To spoil or not to spoil?

 that is the question...

Before I begin, I just wanted to take some time to address some of the feedback I've received over the past few posts I've put up. First and foremost - yes, I know that I incorrectly attributed my difficulty with tabletop roleplaying to the era rather than being 32 years old. The specific era in which we live (while it is a contributing factor to the distopian alienation many of us feel from one another) has very little to do with the convenience or complications of hosting a D&D campaign. the problem is being 32 and having all of my friends being late twenties to late thirties and all of us picking up endless responsibilities over the past five years.

That one is on me guys, and I'm glad that so many people read the piece and had such a passionate reaction to it that you felt you needed to correct my improper verbiage. I'll keep making the same mistakes over and over again, though... so be warned - I'm not particularly details oriented. But the point remains with me, D&D is alive and well across the globe!  That said, my point remains that it might be D&D not offering the players what they are looking for, so I'll have to look into that a bit more.

Also, I just wanted to say that my issue didn't really have to do with the concept of the public game - I could go to my LGS any Monday or Wednesday evening and find a game... but I don't want to play with strangers in a loud obnoxious gaming store. My principle concern was the trouble I was having getting a group of friends together for a regular game. Everyone wants to play in the game, but when it comes time to put something on the calendar, it is pretty tough to get consensus.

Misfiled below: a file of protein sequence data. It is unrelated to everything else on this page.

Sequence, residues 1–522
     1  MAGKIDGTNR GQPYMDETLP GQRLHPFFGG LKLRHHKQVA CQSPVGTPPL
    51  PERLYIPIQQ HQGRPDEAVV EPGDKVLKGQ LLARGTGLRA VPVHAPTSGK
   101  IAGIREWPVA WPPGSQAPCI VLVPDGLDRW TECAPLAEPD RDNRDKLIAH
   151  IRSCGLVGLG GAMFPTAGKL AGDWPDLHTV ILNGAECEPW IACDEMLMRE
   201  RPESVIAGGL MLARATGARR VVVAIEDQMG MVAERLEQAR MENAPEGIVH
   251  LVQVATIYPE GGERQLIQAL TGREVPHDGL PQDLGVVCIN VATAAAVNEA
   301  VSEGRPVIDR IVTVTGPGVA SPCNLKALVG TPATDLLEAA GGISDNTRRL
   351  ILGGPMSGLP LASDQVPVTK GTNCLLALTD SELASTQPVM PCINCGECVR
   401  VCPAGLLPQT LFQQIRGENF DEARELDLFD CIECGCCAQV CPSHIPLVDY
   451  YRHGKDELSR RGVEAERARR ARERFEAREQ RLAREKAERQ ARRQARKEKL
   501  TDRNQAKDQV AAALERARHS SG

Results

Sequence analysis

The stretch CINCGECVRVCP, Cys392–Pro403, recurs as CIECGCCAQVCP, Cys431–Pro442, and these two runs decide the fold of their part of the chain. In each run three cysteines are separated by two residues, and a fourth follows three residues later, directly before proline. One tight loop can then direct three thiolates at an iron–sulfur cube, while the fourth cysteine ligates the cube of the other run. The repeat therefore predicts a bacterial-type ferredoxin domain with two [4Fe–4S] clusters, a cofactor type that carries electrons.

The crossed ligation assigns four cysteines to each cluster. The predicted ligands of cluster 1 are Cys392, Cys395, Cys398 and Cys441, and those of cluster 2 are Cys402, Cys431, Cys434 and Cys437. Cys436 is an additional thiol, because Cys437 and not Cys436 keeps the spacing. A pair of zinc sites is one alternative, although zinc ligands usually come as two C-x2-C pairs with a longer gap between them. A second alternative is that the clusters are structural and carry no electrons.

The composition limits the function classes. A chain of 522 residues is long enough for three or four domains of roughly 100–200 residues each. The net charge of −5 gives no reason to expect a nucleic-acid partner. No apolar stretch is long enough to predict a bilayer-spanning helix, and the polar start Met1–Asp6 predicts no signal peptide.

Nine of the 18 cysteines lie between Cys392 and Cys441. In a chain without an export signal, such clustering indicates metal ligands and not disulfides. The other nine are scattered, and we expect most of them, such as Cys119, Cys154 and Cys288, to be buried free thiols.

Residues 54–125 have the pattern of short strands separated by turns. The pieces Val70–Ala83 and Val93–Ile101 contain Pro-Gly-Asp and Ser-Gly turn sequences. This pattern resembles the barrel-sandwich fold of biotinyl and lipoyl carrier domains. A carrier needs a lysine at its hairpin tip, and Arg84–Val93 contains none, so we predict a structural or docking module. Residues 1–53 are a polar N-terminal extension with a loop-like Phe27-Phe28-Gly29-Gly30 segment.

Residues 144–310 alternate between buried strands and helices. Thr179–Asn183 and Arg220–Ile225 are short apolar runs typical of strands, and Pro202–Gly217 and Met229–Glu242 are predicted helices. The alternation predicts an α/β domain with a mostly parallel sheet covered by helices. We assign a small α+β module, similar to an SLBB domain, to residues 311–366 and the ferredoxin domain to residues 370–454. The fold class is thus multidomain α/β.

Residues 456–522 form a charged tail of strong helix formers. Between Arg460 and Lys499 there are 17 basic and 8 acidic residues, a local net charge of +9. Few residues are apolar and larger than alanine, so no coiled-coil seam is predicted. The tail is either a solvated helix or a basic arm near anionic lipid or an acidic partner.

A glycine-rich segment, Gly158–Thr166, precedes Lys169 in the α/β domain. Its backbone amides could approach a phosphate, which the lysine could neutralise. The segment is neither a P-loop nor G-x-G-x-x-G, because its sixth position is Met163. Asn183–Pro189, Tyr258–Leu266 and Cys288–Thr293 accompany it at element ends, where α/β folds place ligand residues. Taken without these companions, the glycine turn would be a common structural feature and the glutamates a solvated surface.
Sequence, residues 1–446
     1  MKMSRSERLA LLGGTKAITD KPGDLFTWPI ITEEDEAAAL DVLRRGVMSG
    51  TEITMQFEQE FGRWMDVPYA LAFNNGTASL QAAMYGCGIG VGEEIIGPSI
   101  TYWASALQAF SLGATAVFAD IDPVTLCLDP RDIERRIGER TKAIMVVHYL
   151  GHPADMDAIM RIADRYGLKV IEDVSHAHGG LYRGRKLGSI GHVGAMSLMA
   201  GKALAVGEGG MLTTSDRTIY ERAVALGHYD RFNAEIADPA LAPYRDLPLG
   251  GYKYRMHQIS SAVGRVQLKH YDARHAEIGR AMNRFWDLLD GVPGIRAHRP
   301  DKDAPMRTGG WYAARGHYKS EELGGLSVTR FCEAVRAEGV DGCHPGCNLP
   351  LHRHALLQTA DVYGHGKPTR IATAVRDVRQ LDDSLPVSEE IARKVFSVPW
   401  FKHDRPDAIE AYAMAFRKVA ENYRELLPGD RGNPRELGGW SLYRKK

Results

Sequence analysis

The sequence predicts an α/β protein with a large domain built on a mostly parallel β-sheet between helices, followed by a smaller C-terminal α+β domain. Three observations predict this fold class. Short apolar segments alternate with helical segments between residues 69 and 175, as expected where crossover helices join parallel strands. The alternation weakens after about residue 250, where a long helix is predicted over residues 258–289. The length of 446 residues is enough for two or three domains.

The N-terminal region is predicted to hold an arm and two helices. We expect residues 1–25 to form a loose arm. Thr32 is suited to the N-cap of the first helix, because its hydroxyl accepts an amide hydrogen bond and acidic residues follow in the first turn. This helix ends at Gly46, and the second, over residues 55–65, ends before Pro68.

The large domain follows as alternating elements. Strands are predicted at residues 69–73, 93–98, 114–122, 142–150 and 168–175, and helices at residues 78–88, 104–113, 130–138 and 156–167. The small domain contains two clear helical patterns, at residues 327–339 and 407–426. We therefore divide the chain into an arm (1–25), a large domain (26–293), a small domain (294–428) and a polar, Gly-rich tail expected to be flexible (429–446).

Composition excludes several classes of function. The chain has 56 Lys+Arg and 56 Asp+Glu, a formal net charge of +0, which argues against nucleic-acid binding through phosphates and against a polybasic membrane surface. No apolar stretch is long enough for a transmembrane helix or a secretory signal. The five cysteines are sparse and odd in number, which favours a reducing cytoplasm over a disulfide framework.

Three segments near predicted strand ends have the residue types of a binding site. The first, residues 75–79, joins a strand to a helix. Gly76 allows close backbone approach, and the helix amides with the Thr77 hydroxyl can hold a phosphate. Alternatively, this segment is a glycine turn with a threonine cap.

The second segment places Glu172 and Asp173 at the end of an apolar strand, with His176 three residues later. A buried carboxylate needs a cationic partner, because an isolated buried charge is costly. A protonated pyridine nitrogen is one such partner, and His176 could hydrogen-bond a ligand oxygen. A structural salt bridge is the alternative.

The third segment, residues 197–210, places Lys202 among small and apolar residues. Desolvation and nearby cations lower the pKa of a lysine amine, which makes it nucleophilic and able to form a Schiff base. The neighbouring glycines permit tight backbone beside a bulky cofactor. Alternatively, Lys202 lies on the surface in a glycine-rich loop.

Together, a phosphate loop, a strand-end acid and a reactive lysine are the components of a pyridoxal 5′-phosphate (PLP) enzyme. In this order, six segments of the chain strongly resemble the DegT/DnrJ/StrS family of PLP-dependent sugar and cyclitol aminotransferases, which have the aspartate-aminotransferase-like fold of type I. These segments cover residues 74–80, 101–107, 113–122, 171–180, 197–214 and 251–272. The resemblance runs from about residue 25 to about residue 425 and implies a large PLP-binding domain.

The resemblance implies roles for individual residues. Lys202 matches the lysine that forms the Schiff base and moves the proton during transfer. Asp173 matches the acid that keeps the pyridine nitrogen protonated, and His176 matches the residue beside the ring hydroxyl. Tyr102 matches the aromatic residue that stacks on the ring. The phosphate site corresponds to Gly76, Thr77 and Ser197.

It might be me, and it might be the world, but I think it has more to do with one of our group having a baby, another starting an entrepreneurial venture, and yet another being a burden to the group and being asked to leave. I think that it was this combination of things that led me down the path to writing that piece.

That said, we met this past weekend, and it felt like old times! Mike rejoined the group, and the six of us completed chapter two of Horde of the Dragon Queen with raucous laughter and some very poor planning!

This piece is one I've been storing in my head since Gencon; when FFG shocked the world by releasing the next three month's worth of Netrunner all at once and without any warning. Is it better to dive headlong into the spoilers for cards that won't be out until nearer Christmas than now, or should you avoid those threads and revel in the cards you have now?

On our Netrunner podcast, Tag Me, one of the co-hosts has been trying to stay spoiler free since the start of the SanSan cycle, and until two weeks ago he was doing a pretty good job. When Data and Destiny, Old Hollywood and Universe of Tomorrow were released and subsequently posted all over the internet, he gave up on his quest to remain spoiler free. It was just going to be too much work to avoid the spoilers for the next three months. I had the opposite reaction... I decided I was going to do my best to avoid all of the D&D spoilers I could.

I had purchased Universe of Tomorrow, so I know what is in that set, but I also have it in hand, so that's not exactly spoiling the pack for myself. I know the official spoilers from FFG regarding Data and Destiny, but I do not know what the Breaking News card does, or what a Directive is - just that Adam has three of them to start the game. My goal is to keep spoiler-light right up to the release of the set.